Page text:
Editor's Note: This article is from Chapter 4 of the eBook "The Printed Circuit Designer's Guide to...Thermal Management: A Fabricator's Perspective" authored by Anaya Vardya, CEO, American Standard Circuits, and published on iConnect007 here.

Earlier chapters primarily focused on the different methods of using metal to enable improvements in thermal management. It is also important to understand that apart from the thermal management function, the metal can also act as a grounding layer and, therefore, a thermal and electrical connection between the circuitry and the metal. At a high level, there are two ways to achieve thermal management of PCBs utilizing metal: the first is pre-bonded, and the second is post-bonded (Figure 4-1).

In a pre-bonded circuit board, the PCB supplier buys the laminate material pre-bonded to the metal. Most of the available high-frequency laminate materials can also be bought in a pre-bonded configuration. The two laminate suppliers that have most of this market are Rogers and Taconic (now AGC Nelco). The PCB manufacturer is then tasked with processing this material and making circuits and machining the metal. In a post-bonded circuit, the PCB supplier manufactures the PCB and the metal separately and then bonds the two together using a variety of methods.

There are a number of pros and cons to each of these two methods. Pre-bonded PCBs are typically used in high-reliability, military, aviation, and telecom applications since they offer precise dielectric constant (Dk) control, no risk of delamination, and high reliability. The two disadvantages of this methodology are that it is restricted to a single layer of circuitry and, in general, costs tend to be significantly higher with pre-bonded vs. post- bonded. The reasons that the costs are higher is because the laminate materials are significantly more expensive, processing is more challenging, and any yield issues result in very expensive scrap. There are cases where pre-bonded PCBs can be converted to post-bonded PCBs for cost reduc- tion. Any multilayer applications that require metal for thermal manage- ment will need to utilize post-bonding.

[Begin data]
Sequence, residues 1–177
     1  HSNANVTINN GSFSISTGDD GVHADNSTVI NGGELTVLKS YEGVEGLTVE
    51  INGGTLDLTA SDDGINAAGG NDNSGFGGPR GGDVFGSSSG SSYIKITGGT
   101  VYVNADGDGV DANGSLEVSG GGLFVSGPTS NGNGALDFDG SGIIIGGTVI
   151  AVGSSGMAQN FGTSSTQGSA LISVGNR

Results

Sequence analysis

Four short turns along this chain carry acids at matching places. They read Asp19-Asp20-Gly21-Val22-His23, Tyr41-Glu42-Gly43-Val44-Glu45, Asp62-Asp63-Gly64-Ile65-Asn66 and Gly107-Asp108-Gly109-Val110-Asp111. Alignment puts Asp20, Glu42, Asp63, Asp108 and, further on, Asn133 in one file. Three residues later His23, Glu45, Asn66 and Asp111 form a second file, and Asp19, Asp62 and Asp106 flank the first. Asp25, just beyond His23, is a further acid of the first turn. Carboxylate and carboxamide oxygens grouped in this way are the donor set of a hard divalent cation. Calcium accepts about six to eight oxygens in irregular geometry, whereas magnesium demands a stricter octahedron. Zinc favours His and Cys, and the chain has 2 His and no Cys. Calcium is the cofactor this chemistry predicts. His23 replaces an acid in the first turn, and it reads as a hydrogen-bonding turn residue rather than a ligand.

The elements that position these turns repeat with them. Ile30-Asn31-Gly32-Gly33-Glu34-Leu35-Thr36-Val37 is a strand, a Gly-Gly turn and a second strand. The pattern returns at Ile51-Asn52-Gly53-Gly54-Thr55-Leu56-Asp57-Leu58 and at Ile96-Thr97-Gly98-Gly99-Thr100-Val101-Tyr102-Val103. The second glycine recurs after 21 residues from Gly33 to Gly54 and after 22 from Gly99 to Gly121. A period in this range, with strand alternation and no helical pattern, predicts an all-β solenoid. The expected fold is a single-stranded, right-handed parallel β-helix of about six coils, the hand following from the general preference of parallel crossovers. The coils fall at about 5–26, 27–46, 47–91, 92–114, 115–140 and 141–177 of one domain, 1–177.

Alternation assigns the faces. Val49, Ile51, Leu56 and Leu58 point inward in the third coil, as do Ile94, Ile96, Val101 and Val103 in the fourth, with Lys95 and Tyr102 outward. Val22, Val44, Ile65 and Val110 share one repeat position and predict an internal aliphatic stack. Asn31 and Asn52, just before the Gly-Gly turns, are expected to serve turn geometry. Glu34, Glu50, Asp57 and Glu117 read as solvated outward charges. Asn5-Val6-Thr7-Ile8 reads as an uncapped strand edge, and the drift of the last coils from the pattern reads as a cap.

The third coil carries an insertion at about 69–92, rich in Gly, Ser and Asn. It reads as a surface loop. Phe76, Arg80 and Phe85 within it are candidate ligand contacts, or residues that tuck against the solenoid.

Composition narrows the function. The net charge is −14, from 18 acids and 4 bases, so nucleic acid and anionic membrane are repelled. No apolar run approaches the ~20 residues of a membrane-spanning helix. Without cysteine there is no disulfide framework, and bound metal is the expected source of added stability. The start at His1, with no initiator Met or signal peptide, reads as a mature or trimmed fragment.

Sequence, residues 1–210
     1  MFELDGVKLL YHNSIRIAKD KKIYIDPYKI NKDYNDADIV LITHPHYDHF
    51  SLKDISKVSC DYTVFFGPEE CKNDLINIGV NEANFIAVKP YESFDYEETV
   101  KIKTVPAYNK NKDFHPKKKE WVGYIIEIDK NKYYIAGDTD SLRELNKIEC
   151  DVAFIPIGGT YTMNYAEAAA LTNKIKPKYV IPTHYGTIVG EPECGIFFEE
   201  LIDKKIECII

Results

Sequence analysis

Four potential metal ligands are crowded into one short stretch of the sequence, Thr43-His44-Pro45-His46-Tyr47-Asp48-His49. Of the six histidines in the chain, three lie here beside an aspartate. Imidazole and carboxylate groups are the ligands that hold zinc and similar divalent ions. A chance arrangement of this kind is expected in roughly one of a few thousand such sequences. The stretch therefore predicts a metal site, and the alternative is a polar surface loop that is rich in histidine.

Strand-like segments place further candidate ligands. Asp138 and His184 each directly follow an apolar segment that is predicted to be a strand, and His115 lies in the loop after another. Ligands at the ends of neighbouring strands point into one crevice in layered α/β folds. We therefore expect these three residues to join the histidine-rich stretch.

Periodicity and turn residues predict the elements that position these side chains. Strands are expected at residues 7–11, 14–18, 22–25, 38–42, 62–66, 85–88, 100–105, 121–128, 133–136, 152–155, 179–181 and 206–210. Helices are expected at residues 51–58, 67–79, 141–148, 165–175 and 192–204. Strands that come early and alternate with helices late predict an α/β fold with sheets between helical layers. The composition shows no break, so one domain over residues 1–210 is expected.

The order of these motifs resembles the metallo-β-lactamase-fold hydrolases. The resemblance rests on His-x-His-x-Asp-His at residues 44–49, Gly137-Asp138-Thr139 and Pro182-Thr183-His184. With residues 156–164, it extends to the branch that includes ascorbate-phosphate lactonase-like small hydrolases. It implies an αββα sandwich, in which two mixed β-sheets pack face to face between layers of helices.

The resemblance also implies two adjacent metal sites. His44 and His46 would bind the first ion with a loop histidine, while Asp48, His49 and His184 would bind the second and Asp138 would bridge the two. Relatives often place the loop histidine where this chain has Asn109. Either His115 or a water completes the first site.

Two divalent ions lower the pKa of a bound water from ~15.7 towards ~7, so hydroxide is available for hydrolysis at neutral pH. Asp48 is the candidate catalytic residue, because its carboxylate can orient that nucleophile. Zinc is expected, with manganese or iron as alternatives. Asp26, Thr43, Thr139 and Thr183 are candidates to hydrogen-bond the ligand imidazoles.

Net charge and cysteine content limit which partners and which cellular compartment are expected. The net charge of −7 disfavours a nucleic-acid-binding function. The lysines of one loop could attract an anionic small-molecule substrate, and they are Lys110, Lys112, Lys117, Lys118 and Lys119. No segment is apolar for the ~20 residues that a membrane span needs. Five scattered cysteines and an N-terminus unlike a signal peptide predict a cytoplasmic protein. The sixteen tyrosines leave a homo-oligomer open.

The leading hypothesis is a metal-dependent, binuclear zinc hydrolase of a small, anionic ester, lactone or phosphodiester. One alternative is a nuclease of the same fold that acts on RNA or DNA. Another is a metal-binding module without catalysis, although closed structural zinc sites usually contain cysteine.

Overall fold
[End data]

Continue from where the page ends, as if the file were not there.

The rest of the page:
Pre-Bonded Laminates

There are several design parameters that need to be considered. The first step is to determine the dielectric material, dielectric thickness, and the copper foil weight that is required. The next step is to determine the thick- ness and type of metal (Figure 4-2). The typical metals used are aluminum 6061-T6 and copper C110, but we have also occasionally seen brass used. Aluminum is usually lighter and cheaper than copper, and each has their own set of properties (Table 4-1). The pre-bonded metal thickness should be at least three times the dielectric thickness to minimize warpage.

In pre-bonded applications, PCB processing is more difficult with aluminum vs. copper. The laminate manufacturer uses lamination temperatures that are hot enough to anneal the aluminum. The 6061-T6 aluminum permanently softens and is more difficult to machine. Once you determine laminate selection, you really should check with the PCB supplier or the laminate manufacturer that your selection is available as you have it configured. Depending on machining requirements, one may have to start with a metal thickness that is higher than the finished thickness.


In a post-bonded application, a double-sided PCB or a multilayer PCB is first manufactured. Typically, the bottom side is mainly a ground layer that may have a few circuits integrated. While the PCB is being manufactured, the metal can be simultaneously machined on a CNC machining center. There is a lot more flexibility in terms of the shape and features in a post-bonded application, as it is processed separately from the PCB. The metal can then be plated.